Today we are living in an increasingly toxic environment, which can be detrimental to our physical, mental and psychological wellbeing. The food we eat, the air we breathe, the clothes we wear and the water we drink are contaminated with poisonous chemicals that do us considerable harm.
It describes the various methods by which we attempt to eliminate these toxins from our body. The human body is assailed with toxins from both internal and external sources. The key external sources of toxins are by inhalation (smoking, air pollution), ingestion (chemical residues on food, in water, and in alcohol and drugs ) injection (vaccination, tattoos), absorption (compounds from paints, synthetic fabrics, plastics, pesticides) and irradiation (medical X-rays, atomic power plants, mobile phones, computer monitors, microwave ovens).
Internal sources include indigestion of malnutrition, food, and mental disorders. In ancient times man lived on a lean diet free from pesticides, food additives, drugs and toxins. Today we consume tens of thousands of toxins through the atmosphere, water, food and soil. Our bodies manage toxins in three ways: neutralizing, transforming and eliminating them. Antioxidants neutralize free radicals.
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The liver transforms toxic substances into harmless agents. Blood carries waste to the kidneys and liver and removes it through the bladder. Waste can also be eliminated through sweat glands. The detoxification system given to us by Mother Nature usually suffices for shielding against regular exposure to toxins. Our important natural detoxification systems is composed of respiratory (lungs, bronchial tubes, throat, sinuses, nose), gastrointestinal (liver, gallbladder, colon), urinary (kidneys, bladder and urethra), skin (sweat, sebaceous glands, tears), and lymph (lymph channels and nodes) systems.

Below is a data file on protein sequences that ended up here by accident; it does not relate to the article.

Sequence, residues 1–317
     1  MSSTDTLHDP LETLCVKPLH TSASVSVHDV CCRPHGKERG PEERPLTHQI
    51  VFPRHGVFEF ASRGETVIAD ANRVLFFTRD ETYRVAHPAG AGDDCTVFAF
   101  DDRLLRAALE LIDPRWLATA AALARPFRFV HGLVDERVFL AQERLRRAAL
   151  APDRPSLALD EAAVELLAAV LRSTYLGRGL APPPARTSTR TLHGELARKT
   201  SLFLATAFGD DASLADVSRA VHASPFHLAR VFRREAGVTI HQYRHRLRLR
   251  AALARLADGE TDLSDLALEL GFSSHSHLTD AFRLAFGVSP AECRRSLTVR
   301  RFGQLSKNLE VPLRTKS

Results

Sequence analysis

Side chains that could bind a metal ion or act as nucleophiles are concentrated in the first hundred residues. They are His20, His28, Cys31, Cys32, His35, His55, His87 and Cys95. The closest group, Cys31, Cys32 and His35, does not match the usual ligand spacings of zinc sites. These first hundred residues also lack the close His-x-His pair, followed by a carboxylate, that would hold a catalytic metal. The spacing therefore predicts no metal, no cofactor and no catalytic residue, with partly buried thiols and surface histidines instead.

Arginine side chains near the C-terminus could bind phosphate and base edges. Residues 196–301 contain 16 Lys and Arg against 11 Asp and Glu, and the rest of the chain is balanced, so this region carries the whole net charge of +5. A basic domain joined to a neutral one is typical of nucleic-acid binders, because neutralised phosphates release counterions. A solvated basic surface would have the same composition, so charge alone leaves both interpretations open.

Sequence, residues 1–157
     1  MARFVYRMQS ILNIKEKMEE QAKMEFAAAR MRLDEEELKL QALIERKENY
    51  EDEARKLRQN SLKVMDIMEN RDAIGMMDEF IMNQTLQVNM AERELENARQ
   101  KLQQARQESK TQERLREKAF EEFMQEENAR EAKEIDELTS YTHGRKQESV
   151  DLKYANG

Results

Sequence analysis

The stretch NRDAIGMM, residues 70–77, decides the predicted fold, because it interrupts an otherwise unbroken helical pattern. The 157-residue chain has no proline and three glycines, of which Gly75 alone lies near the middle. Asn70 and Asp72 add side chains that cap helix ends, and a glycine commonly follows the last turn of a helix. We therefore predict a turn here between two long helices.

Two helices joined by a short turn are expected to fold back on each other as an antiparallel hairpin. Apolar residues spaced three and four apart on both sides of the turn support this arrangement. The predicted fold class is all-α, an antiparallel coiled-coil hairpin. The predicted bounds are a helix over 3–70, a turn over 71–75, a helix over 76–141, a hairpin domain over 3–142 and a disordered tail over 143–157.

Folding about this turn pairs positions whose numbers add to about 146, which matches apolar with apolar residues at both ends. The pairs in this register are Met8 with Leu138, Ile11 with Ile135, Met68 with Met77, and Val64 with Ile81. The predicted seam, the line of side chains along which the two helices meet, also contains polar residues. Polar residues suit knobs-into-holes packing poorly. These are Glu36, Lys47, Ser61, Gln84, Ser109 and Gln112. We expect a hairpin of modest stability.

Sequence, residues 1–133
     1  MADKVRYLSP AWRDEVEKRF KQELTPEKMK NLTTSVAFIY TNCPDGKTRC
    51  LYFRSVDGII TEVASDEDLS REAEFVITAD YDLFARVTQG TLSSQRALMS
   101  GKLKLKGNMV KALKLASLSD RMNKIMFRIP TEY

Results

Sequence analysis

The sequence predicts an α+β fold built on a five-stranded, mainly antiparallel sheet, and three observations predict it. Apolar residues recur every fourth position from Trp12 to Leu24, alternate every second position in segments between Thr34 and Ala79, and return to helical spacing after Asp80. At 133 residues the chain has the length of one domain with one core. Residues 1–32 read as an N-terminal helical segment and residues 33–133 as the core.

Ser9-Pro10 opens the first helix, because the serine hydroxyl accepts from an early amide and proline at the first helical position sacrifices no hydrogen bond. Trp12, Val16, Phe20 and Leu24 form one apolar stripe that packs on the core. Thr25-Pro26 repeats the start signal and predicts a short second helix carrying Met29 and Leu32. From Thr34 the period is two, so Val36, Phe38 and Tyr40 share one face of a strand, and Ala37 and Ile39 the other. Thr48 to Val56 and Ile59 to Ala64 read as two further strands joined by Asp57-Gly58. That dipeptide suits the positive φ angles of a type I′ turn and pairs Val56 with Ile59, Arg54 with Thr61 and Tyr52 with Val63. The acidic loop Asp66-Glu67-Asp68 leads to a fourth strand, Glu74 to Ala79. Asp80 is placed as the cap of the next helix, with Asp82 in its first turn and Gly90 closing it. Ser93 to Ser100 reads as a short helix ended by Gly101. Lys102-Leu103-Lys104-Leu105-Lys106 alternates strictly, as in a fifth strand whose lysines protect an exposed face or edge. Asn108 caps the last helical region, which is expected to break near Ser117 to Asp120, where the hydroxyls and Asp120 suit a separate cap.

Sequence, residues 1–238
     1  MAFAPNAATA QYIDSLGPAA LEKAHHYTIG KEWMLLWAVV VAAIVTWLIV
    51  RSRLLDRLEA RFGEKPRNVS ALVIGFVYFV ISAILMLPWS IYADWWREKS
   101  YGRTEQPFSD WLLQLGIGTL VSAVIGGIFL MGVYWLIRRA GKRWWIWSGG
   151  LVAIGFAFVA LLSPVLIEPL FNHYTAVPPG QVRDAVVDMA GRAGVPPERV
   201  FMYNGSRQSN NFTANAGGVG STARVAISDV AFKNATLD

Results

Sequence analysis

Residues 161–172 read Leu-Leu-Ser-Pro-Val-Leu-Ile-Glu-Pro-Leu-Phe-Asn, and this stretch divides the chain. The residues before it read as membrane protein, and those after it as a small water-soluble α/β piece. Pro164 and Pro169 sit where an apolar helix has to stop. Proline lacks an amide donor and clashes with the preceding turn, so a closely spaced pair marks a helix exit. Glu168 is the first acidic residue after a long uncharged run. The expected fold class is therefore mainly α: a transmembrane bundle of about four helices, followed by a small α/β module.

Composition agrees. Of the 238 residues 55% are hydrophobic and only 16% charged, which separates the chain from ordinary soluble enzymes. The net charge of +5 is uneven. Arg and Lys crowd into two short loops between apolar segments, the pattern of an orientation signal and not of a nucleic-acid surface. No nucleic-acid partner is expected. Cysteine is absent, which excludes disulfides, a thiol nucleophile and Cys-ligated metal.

Our body is designed to use natural substances. Any foreign material will evoke a reaction from the immune system to attempt to remove it. The liver reduces toxins into chemicals that the body can manage and remove through the kidneys (as urine), skin (as perspiration ), lungs (as expelled air) and intestines (as feces). These systems usually do the job satisfactorily, but the increasing toxicity of contemporary life involves artificial intervention. What is removed during detoxification is dead, dying or diseased cells, unwanted fatty tissue, hardened coating of mucous on intestinal wall, toxic waste from the lymphatic system and blood flow toxins in spleen, liver and kidney, mucous from lungs and sinuses, and excessive cholesterol.
A detox program may include dieting (juice fasting, water fasting, raw food diet, eating less, vegetarianism), exercise, homeopathic remedies, ozone therapy, acupuncture, massage, herbal liver or kidney cleansing medications, colon irrigation and vitamin supplements. Detoxification in terms of drugs and alcohol involves pharmacological intervention to suppress withdrawal symptoms and make recovery easier and quicker.